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Re: Hovsepian: 80% of Customers Move Towards Linux

John Bailo wrote:
> Roy Schestowitz wrote:
> > CRN Interview: Novell CEO Ron Hovsepian, The First 100 Days
> >
> > ,----[ Quote ]
> > | CRN: To what extent are you seeing migration from NetWare to Linux?
> > |
> > | HOVSEPIAN: Eighty percent of customers have moved to OES [Open
> > | Enterprise Server] contracts, so the good news is they've given us a
> > | first step of migration to OES, which is a Linux dimension.
> > `----
> >
> > http://www.crn.com/sections/breakingnews/breakingnews.jhtml?articleId=193200337&cid=CRNBreakingNews
> I've always used the very existance of Linux to the "Windows is good
> enough" argument of wintrolls.
> Their argument that Linux isn't necessary is belied by the need people
> felt to write it.
> But, I guess the continuing legacy of Netware speaks to the serverside.
>    Obviously there people who felt that Windows filesharing and LAN were
> so inadequate they they felt the need to continue using Netware.

I don't believe there's any relationship between the two. Existing
Netware customers have had years to change to either Unix or Linux but
stayed with Netware. It's not a matter of a platform not being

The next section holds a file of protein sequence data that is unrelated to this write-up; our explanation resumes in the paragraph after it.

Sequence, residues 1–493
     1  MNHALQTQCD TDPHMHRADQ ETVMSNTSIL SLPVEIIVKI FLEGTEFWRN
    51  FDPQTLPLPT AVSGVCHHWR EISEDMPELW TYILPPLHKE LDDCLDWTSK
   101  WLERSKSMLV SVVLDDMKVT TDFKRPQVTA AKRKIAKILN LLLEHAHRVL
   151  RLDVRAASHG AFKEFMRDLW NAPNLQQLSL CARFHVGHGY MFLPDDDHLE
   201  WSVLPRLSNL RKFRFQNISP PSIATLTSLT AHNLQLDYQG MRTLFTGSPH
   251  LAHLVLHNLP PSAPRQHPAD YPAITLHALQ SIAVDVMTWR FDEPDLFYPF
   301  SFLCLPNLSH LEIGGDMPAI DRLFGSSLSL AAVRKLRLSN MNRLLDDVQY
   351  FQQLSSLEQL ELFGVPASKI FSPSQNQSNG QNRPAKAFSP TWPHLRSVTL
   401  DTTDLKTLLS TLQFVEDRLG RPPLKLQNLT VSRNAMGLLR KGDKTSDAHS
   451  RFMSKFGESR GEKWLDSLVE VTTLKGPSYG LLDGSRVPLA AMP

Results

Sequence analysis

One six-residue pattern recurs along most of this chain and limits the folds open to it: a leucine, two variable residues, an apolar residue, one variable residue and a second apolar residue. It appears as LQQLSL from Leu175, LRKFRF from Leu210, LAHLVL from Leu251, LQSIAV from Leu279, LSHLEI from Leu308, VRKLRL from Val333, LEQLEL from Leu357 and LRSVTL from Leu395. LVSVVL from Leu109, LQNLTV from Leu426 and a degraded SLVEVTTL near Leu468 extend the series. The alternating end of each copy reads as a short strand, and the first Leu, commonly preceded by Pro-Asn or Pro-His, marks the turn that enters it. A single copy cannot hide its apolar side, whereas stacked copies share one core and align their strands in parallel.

inadequate because there were certainly viable alternatives available
to them.

The reason they didn't switch is because the existing Netware systems
are in place and working. Switching "distros" or OSs at home or for
personal use it generally painless. But for a company that has an large
infrastructure in place changing *anything* is nontrivial. Basically...
if it works, don't fix it.

I'll use Aetna Life and Casualty as an example which I've mentioned
before. I was there a couple of years ago to help them out with some
issues they were having with our product. They're still running NT 4.0
on some systems. Why??? Because it works.

They also wanted bugs fixed in a JVM from Sun but didn't want to
upgrade to the latest version of Java because it would require that
they retest everything to make sure it works. Luckily for them they are
big-enough where they were able to convince Sun to create a special
one-off version of their current JVM that contained just the bug fixes
they wanted.

Companies usually stay with the status-quo longer than individuals
simply because they don't care about running the latest-and-greatest
software. They have working systems that are thoroughly tested and
debugged and they cannot afford disruptions to their business. If they
already have something that works... there really isn't a big incentive
to change. Hence the fact that there are so many existing Netware
customers out there.

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